Published on Apr 04, 2019
Environmental peacebuilding has emerged as a new frontier in interdisciplinary studies, which seeks to go beyond the traditional role of natural resources or environmental change in general in triggering and exacerbating conflicts, but to look at the positive peacebuilding potential of environmental and natural resources in not only post-conflict societies but also fragile societies with weak governance and nation states that are at perpetual conflict with each other (that may not necessarily be physical in nature) over environmental resources or otherwise. Science diplomacy also aims at building bridges between societies where formal relationships are strained, strengthening partnerships between scientific and diplomatic communities and so on. The two conceptual frameworks, at the outset, seem to have common goals; and therefore, if they are aligned with each other, can they provide better solutions to the problems of the 21stcentury?
In general, the role of science in environmental diplomacy, whether it is in terms of fostering research collaborations between countries or communities, or in terms of its role in environmental treaty-making, has been under deliberation for a long time. However, how can science contribute to peacebuilding between nations and communities that are at war with each other or are hostile against each other through environmental cooperation? This is a question that needs to be addressed more seriously and urgently at a time when environmental degradation and climate-fragility risks are posing challenges to peace and stability in many parts of the world. At the same time, it is also critical to explore ways in which science could engender or advance diplomatic initiatives in the environmental arena, by acting as a preventive diplomacy tool, and contributing to international peace. Science, being often labelled a double-edged sword, needs to be attuned to a conflict-sensitive approach for better results in peacebuilding. Similarly, environmental peacebuilding efforts could also have backdraft effects, if the mitigation and adaptation initiatives are not scientifically, socioeconomically and politically sound.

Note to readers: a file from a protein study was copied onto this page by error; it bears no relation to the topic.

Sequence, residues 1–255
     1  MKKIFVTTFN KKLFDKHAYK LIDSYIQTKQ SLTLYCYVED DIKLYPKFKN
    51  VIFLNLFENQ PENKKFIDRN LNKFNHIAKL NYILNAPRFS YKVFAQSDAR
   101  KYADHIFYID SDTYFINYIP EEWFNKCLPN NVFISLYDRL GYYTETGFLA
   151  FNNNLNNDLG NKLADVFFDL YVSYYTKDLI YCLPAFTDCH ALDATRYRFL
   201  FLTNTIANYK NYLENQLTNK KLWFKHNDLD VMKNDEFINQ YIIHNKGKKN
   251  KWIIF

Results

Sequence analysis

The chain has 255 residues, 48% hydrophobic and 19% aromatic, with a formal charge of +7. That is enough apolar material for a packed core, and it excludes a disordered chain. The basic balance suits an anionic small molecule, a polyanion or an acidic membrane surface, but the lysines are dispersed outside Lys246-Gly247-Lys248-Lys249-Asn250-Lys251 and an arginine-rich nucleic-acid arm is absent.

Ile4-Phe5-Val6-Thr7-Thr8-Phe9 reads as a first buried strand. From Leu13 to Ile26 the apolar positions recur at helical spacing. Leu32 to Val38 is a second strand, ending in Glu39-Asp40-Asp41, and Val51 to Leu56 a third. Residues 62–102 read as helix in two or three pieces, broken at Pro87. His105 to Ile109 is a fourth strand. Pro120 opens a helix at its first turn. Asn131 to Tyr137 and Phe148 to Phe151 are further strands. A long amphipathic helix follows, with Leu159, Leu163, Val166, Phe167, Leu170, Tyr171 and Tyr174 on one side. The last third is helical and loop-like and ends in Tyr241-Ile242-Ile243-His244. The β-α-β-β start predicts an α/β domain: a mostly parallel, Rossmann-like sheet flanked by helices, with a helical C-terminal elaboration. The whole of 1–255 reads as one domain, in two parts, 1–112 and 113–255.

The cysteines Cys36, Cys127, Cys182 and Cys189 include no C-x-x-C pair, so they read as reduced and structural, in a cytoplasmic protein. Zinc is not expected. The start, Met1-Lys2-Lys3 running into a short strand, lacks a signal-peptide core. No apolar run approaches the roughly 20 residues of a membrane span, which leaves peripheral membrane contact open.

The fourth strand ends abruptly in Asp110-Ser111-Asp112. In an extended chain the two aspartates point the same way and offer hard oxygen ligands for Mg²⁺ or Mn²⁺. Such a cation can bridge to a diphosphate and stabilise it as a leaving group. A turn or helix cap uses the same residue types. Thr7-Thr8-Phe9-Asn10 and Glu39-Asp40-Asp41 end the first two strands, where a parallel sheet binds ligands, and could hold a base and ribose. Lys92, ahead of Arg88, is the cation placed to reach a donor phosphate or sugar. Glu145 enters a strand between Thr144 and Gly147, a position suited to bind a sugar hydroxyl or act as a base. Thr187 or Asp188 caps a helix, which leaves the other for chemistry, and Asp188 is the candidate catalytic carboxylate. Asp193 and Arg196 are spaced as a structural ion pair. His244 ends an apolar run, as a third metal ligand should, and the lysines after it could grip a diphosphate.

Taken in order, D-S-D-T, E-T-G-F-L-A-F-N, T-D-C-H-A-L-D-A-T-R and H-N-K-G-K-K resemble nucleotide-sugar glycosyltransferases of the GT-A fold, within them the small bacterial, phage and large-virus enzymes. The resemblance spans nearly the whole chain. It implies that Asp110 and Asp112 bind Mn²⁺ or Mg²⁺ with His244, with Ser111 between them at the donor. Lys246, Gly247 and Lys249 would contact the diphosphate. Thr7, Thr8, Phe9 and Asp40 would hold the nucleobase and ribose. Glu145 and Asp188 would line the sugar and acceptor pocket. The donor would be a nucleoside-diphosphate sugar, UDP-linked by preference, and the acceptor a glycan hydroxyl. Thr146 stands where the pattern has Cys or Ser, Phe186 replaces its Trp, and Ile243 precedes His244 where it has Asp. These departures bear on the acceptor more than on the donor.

In this context, this webinar series on science diplomacy and environmental peacebuilding seeks to explore the role of science diplomacy in environmental peacebuilding; examine the interlinkages between science diplomacy and environmental peacebuilding through empirical cases from various regions; and identify the institutions and stakeholders at international, regional and local levels that could operationalise or implement science diplomacy-environmental peacebuilding initiatives. The first webinar will focus on Cyprus; the second on polar regions (Arctic and Antarctic); and the third of oceans and maritime issues.
The first in a webinar series discussing prospects for science diplomacy and environmental peacebuilding in the context of various regions will be about Cypres and the Mediterranean region. With:
Moderated by Dr. Dhanasree Jayaram, Co-Coordinator, Centre for Climate Studies, Manipal Academy of Higher Education, India, and Earth System Governance Research Fellow.
The webinar series has been made possible with support from the following networks and institutions: